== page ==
So, how do we achieve this goal? The answer is given in the likes of 2 Pet. 1:3-4 and Rom. 8:4, previously quoted. In these verses, it is God's promise that, through the Holy Spirit, we can fully meet His righteous requirements and escape the corruption of sin. This is done by humbly confessing our sins as soon as the Spirit convicts us. 1 John 1:9 says, "If we confess our sins, he is faithful and just and will forgive us our sins and purify us from all unrighteousness". The promise in this verse is that once we confess, we are forgiven and will be purified from all unrighteousness – that is, we will be perfected. This takes time and determination.


Even though we are bound to stumble from time to time and may feel that we are wasting our time, let's immediately get up and persevere because the Lord is able to bring us to the goal He has set for us. James 1:4 says, "Perseverance must finish its work so that you may be mature and complete, not lacking anything".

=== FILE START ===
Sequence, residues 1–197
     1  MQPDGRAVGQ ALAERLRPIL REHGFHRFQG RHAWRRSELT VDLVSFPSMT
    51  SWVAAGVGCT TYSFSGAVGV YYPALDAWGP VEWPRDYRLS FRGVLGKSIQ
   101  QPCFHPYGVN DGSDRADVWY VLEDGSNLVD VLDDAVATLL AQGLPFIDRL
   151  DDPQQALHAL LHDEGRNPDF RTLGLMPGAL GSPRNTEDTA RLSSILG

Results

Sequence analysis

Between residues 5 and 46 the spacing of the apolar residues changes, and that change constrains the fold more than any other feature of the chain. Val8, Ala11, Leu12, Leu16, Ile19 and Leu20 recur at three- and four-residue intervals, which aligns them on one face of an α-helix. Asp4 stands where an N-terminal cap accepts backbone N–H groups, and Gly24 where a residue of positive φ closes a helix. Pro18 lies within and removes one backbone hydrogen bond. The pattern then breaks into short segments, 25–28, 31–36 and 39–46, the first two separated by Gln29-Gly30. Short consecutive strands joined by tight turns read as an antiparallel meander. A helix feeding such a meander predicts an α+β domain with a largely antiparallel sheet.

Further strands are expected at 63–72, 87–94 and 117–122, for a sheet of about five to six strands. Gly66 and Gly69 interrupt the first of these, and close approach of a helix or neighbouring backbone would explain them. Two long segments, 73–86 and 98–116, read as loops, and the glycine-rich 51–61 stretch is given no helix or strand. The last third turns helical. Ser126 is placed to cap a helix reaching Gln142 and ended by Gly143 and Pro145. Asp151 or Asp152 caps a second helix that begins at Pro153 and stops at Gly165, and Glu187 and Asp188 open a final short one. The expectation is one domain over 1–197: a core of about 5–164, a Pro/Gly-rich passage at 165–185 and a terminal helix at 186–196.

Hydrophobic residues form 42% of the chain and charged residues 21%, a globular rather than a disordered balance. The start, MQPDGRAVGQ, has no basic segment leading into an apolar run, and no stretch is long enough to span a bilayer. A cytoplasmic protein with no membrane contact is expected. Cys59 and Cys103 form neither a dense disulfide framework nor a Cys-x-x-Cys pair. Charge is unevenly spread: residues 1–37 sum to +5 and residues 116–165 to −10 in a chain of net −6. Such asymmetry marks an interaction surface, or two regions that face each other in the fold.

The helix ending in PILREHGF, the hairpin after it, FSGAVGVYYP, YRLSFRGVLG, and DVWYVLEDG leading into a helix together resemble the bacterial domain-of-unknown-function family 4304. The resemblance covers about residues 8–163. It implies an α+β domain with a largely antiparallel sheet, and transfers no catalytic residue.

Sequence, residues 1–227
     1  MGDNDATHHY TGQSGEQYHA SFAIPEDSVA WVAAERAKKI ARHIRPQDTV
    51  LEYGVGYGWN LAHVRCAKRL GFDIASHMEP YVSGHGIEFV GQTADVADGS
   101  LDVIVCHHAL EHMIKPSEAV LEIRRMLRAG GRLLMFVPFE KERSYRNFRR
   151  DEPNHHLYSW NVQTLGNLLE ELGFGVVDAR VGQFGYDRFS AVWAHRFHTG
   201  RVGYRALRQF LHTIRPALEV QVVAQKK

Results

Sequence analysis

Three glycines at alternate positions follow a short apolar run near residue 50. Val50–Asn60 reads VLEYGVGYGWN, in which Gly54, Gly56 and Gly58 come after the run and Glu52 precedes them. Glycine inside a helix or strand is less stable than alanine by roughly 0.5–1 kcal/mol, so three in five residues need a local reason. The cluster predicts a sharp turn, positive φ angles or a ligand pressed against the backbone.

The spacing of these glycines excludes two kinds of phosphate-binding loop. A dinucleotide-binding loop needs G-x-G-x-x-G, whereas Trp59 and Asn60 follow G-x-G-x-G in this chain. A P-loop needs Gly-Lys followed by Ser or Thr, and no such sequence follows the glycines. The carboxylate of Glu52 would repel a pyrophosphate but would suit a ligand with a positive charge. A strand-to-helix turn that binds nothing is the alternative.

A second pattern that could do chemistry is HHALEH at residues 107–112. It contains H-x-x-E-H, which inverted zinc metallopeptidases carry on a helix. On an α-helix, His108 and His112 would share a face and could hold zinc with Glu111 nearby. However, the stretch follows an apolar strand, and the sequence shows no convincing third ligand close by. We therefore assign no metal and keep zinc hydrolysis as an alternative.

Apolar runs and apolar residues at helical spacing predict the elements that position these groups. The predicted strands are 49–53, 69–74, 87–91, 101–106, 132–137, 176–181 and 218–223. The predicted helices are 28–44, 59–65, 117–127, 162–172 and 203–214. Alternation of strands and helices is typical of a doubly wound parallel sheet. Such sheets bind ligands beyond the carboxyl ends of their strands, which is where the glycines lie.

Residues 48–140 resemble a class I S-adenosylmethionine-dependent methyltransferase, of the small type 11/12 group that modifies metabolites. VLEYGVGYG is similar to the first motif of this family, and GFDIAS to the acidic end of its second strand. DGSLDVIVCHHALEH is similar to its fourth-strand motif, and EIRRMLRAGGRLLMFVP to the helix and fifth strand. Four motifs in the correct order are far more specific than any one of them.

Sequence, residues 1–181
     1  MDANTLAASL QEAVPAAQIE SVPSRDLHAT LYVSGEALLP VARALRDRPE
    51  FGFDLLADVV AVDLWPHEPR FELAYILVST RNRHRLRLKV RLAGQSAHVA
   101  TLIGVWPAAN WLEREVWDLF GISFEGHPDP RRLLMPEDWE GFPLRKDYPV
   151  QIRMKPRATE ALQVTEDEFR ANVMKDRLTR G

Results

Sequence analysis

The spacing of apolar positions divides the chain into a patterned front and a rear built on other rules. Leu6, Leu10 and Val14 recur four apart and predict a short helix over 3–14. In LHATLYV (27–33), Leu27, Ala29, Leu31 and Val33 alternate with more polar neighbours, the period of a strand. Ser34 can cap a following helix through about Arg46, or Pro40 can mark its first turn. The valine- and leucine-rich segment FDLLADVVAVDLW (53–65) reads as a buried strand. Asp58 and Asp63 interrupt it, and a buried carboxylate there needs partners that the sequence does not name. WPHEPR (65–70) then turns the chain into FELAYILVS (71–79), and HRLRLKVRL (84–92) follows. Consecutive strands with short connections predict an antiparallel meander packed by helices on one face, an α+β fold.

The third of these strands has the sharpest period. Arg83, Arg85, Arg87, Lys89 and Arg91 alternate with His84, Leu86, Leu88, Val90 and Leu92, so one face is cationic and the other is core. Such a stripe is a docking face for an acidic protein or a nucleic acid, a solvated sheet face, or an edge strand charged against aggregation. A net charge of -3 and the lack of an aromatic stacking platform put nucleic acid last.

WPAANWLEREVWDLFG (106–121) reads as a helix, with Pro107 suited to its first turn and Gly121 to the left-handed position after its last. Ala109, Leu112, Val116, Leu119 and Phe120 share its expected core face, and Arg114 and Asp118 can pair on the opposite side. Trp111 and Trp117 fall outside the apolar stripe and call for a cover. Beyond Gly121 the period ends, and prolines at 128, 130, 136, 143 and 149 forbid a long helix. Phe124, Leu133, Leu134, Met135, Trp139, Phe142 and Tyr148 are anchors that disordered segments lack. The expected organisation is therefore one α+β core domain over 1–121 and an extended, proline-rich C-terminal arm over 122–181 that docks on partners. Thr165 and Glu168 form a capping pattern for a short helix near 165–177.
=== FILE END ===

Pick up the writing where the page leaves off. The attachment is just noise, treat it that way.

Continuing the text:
We are told that "perfect love drives out fear, because fear has to do with punishment. The one who fears is not made perfect in love" (1 John 4:18). Christian perfection is God's love filling our entire being and governing all our words and actions and it results in "the peace of God, which transcends all understanding" (Phil. 4:7). There is no greater goal in Christianity than perfect love ... and seeking anything else is missing the mark.



Mick Alexander